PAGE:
Friday, September 6, 2002
Ninth Circuit Senior Judge Eugene Allen Wright Dead at 89
From Staff and Wire Service Reports
Eugene Allen “Gene” Wright, a federal appeals judge often praised for the clarity of his writing, has died at 89.
Wright served on the Ninth U.S. Circuit Court of Appeals from 1969 until his death Tuesday of pneumonia and congestive heart failure at Virginia Mason Hospital in Seattle.
Reflecting an early interest in becoming a reporter, he wrote law review articles, served on the University of Washington law school faculty from 1964-72 and was a lecturer at the university’s School of Communications.
He also was co-author of the State Trial Judges book and editor of the Trial Judges Journal.
Wright’s opinions were a “model of brevity and clarity,” Ninth Circuit Judge Richard C. Tallman, who practiced in Seattle before his appointment to the court, commented yesterday. “We used to marvel at his ability to take complicated subjects and reduce them to simple, understandable legal opinions,” Tallman said.
A lifelong Seattle resident, Wright earned undergraduate and law degrees at the University of Washington, then joined his father, Elias Allen Wright, at the law firm Wright and Wright in 1937. He was also active in the Republican Party, serving as chairman of its county convention in 1950.
He was elected president of the Seattle Jaycees in 1941 but resigned after the United States entered World War II. He was awarded the Bronze Star, Combat Infantry Badge and Army Commendation Medal.
Wright served in 1948-52 as a part-time Municipal Court judge and in 1954-66 as a King County Superior Court judge. In the latter job he developed a program for hiring recent law school graduates for one-year stints as bailiffs and law clerks.
Following three years as a bank executive, he was named to the federal appeals court by President Richard M. Nixon. He took senior status in 1983, but continued to carry a significant caseload well into the 1990s.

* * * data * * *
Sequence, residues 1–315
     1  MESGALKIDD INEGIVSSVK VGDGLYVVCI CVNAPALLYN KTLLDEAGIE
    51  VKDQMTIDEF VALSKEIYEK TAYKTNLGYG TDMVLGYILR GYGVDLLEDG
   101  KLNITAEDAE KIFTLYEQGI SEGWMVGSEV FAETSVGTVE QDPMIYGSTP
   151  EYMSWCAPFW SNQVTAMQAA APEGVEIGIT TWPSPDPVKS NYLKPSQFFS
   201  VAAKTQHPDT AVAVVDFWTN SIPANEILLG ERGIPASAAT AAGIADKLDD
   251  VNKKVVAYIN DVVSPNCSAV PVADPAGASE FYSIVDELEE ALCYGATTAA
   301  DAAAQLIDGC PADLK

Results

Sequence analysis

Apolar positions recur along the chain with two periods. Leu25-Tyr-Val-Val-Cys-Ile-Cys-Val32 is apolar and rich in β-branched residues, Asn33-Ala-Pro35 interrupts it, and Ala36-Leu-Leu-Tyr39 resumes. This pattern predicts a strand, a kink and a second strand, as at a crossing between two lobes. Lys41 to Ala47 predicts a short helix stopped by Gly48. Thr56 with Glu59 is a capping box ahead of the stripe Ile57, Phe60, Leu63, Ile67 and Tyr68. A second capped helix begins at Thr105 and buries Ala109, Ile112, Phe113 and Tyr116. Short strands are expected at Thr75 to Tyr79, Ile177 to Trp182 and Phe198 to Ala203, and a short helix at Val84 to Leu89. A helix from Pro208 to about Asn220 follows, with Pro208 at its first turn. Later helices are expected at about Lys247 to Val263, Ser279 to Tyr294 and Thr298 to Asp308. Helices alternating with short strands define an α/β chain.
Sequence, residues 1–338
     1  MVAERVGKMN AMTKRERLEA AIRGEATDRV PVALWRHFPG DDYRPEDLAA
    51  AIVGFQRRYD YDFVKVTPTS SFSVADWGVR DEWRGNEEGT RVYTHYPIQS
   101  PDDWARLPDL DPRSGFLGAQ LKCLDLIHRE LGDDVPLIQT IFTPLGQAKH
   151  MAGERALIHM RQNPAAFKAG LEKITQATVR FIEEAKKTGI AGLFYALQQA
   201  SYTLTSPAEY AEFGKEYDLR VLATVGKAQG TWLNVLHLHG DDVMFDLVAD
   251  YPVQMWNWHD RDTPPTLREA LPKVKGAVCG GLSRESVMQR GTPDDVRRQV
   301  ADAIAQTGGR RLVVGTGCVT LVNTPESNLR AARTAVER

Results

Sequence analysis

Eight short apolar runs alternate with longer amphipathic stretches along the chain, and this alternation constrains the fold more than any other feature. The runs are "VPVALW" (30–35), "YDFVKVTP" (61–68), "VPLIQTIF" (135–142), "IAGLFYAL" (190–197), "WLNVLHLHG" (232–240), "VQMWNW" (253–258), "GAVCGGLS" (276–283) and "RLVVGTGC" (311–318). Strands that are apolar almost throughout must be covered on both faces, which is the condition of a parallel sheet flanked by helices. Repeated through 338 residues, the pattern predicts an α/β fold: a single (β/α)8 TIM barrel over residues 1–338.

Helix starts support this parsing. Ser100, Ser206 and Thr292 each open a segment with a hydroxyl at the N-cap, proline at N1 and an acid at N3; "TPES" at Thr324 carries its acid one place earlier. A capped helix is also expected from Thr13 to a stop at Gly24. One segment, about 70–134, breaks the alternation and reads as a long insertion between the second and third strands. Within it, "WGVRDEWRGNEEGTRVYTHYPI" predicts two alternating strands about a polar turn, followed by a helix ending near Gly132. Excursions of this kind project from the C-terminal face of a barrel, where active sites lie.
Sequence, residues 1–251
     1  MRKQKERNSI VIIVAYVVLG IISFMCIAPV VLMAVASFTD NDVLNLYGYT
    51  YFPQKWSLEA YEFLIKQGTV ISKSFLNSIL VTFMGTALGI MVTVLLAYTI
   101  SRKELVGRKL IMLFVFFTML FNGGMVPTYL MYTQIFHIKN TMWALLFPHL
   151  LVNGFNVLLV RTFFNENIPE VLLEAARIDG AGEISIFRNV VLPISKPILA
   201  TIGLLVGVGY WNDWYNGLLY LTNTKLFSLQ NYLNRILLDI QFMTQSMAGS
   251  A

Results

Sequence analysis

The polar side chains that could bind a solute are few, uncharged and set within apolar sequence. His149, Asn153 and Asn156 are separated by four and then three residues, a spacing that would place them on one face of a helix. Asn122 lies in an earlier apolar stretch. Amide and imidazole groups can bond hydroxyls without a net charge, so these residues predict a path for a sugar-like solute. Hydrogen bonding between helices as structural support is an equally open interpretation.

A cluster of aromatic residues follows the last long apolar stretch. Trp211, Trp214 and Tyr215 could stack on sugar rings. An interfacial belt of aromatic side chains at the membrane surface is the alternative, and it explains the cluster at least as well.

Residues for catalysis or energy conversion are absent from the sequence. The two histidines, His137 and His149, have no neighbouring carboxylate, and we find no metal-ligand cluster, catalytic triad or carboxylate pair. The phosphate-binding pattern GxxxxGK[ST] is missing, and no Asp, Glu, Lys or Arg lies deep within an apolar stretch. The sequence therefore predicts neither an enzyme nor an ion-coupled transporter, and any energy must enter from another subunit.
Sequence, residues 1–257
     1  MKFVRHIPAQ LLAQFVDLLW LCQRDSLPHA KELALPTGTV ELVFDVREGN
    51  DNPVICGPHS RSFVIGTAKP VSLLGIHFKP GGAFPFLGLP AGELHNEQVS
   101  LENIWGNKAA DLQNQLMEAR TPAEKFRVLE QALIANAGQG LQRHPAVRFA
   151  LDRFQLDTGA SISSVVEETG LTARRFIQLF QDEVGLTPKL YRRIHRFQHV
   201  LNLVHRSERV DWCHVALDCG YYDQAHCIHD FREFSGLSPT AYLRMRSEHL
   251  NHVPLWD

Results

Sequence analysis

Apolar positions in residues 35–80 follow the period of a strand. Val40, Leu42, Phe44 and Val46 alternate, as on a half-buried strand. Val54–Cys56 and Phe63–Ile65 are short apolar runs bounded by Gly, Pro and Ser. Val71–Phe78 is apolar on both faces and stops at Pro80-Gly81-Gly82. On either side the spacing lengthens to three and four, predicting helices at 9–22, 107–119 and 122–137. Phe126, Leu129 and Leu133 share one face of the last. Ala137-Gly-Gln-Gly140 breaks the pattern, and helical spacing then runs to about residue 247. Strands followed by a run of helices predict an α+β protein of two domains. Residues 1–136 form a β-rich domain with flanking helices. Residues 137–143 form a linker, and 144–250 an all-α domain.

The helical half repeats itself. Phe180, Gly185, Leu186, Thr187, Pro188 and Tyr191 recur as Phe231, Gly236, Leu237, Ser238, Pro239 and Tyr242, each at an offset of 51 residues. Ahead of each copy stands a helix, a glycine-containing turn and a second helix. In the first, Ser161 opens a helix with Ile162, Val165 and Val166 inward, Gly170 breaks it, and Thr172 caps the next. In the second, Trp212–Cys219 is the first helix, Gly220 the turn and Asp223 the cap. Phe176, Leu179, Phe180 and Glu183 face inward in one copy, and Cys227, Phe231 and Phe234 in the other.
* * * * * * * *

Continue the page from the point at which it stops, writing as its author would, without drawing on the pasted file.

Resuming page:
One of his later opinions was a dissent in the Washington state “right-to-die” case. He argued that a state law banning assisted suicide was unconstitutional as applied to terminally ill, mentally competent adults.
“The right to die with dignity accords with the American values of self-determination and privacy regarding personal decisions,’’ he wrote. The Ninth Circuit’s limited en banc panel later agreed with him, but the U.S. Supreme Court reversed.
He also wrote the majority opinion in United States v. Jackson, a 1996 case that upheld the constitutionality of federal sentencing rules treating possession of a quantity of crack cocaine as equivalent to possessing 100 times as much powder cocaine.
Wright cited an earlier case in which the panel concluded that it was rational to impose greater punishment for possessing crack because it provides users with quicker and higher “highs,” is often used and sold by young people and is more widely distributed because of its low per-dose cost, and because its distribution is often accompanied by violence.
The contrary view of the U.S. Sentencing Commission did not alter the precedential value of the earlier opinion, Wright said. The sentencing disparity remains a controversial topic, and legislation on the subject is currently pending in Congress.
Wright’s survivors include his wife of 64 years, Esther Ladley Wright; sister, Florence Wright Russell, of Seattle; son, Gerald Allen Wright, of Portola Valley, Calif.; daughter Meredith Wright Morton of Olympia, Wash., a grandson and a great-granddaughter.
Memorial services were pending.
Copyright 2002, Metropolitan News Company